Published on October 28, 2021

Ozarks Healthcare Mental Health Therapist shares Importance of Mammograms after Personal Breast Cancer Experience

This Breast Cancer Awareness Month, we continue to share the importance of mammograms. Having been impacted directly by breast cancer, several of our own staff have decided to share their experiences with us. Following the launch of the Ozarks Healthcare Foundation’s fundraising campaign for a mobile mammography unit, Lora Hand, mental health therapist at the Ozarks Healthcare Behavioral Health Center (BHC), was especially excited to share some of her breast cancer journey in hopes of encouraging others to take the importance of screening seriously. Lora gave us permission to share the following:

“My story began before I was even born. My grandmother, who I never met, died at age 36 from breast cancer. This happened in the 1960s, when doctors were still developing new technology with radiation treatment.

My mom and I did not place a lot of thought about the disease as we both aged. I asked questions about my grandmother, who I was told I looked so much like, but I did not ask too many questions. I could tell even by my teen years that my grandmother’s loss weighed heavily on my mom’s mind. I would soon know how she felt.

Fast forward to the 1990s, and I get a dreaded phone call from my dad.

‘Sis, we are at the doctor - your mom had a biopsy. She has breast cancer.’

My world fell apart, my emotions ran wild, and I felt helpless with her and for her. My mom had a lumpectomy. The oncologist and radiologist reviewed treatment options. I am sure that her thoughts went to my grandmother and all the struggles that my mom had watched her go through with radiation … The heartache came back all over again with her loss.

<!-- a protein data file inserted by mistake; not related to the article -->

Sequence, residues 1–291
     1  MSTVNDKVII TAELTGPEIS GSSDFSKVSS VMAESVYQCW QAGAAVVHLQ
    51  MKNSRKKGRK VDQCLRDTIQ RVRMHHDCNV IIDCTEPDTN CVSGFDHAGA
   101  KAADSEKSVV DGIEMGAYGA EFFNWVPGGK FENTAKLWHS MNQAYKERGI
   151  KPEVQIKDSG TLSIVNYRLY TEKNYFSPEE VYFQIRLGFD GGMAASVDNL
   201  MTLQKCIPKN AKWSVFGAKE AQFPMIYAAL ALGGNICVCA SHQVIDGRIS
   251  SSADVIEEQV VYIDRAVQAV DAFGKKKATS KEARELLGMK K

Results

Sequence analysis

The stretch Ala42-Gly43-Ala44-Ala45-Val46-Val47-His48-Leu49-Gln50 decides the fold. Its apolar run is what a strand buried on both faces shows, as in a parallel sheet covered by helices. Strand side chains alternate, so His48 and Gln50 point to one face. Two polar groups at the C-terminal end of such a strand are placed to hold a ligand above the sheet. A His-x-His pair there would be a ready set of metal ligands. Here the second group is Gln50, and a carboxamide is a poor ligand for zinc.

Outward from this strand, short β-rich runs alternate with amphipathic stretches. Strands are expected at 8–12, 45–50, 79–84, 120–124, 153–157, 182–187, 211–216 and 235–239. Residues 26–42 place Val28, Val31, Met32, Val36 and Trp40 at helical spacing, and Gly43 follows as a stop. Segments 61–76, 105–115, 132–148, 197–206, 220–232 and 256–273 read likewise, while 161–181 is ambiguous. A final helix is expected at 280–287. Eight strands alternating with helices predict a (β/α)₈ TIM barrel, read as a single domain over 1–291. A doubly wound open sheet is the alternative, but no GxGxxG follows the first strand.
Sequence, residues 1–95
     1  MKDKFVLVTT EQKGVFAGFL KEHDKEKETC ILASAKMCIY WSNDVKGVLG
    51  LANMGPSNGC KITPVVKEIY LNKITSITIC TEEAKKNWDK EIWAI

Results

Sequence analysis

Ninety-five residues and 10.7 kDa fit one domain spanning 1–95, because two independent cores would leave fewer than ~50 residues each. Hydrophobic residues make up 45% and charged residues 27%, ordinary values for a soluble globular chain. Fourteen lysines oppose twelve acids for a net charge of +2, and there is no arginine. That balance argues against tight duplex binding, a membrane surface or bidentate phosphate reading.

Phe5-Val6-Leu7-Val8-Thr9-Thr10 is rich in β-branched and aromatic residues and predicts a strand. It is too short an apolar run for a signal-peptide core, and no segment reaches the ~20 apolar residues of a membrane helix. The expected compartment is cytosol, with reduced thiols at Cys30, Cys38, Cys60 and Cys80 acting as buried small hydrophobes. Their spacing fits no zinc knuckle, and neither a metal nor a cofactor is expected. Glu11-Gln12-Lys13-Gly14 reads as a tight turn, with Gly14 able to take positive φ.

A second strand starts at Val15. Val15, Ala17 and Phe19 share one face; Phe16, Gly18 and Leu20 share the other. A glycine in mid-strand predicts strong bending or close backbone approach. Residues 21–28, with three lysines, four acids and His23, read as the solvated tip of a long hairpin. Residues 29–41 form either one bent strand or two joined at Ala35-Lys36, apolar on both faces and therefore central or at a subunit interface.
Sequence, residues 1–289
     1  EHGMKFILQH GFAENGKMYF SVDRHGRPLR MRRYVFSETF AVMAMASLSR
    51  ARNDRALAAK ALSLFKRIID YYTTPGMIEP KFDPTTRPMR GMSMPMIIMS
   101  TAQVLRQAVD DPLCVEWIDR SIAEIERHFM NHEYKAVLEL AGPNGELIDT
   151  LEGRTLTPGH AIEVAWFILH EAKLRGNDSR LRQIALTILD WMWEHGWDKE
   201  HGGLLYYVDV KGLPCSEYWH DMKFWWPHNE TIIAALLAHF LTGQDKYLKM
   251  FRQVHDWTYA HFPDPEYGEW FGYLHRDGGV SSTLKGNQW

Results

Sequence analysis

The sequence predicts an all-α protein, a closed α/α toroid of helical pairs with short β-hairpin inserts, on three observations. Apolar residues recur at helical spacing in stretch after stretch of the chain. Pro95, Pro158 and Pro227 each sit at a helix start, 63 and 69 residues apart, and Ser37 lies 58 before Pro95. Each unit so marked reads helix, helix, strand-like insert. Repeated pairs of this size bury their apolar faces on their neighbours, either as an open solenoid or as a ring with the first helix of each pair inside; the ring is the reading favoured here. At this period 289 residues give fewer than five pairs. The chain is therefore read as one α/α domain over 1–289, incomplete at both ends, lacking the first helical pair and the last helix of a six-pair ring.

My mom and dad weighed the options. There was an experimental chemo that at that time, was still in the beginning stages of trials. She and my dad discussed this as an option, thinking of my future. I would soon face the same plight as her and my grandmother. What better gift to give than giving up a part of you to help your child or someone else’s child by not having to utter the words, ‘I have breast cancer.’

Fast forward again to 2008. This is when I found a lump in my breast. It was on the same side as that of my grandmother and mom. I went to Dr. Henegar [Dr. Edward Henegar of Ozarks Healthcare in Gainesville], who was my family doctor since I was 11 years old. Together, we decided the only way that he would feel comfortable was if I would go and get a needle biopsy to confirm what was going on. I got my procedure completed within the same day. 

The results came in, and I went back to Dr. Henegar’s office. He cried more than me or my husband. He gave me the biggest hug and said, ‘We will get through this together.’ He held true to his promise. He checked on me daily and received daily updates from my oncologist, Dr. Charles Morgan here at our Cancer Treatment Center, after surgery, during treatments, and after care.

I have been cancer free for 13 years. I have yearly bloodwork and mammograms to make sure everything is okay.

My mother has been cancer-free for over 30 years, and at 75 years of age, she still checks cows and rakes hay. She is my hero.

In life, we have two choices – yes or no. By not knowing your status with breast cancer, you’re not addressing the concern. If you address it sooner than later, you’re going to reap the benefits. It’s important to know your body, stay on top of screenings, and get your yearly mammogram. We are our own best advocates.”

Lora, along with several coworkers, have used their creativity and enthusiasm for breast cancer awareness all month long to help be a voice for the importance of mammograms and the Ozarks Healthcare Foundation’s fundraising efforts to purchase a mobile mammography unit. If you still need to schedule a mammogram, please call 417-257-5901. If you are interested in supporting the Ozarks Healthcare Foundation’s mobile mammography campaign, visit

Ozarks Healthcare is a system of care encompassing primary care and specialty clinics, along with complete rehabilitation, behavioral healthcare, and home health services. While the 114-bed acute care hospital cares for more than 5,400 admissions, the entire health system has more than 364,000 patient visits annually in South Central Missouri and Northern Arkansas. For more information about Ozarks Healthcare, visit

Lora Hand, mental health therapist at Ozarks Healthcare Behavioral Health Center (BHC) and breast cancer survivor

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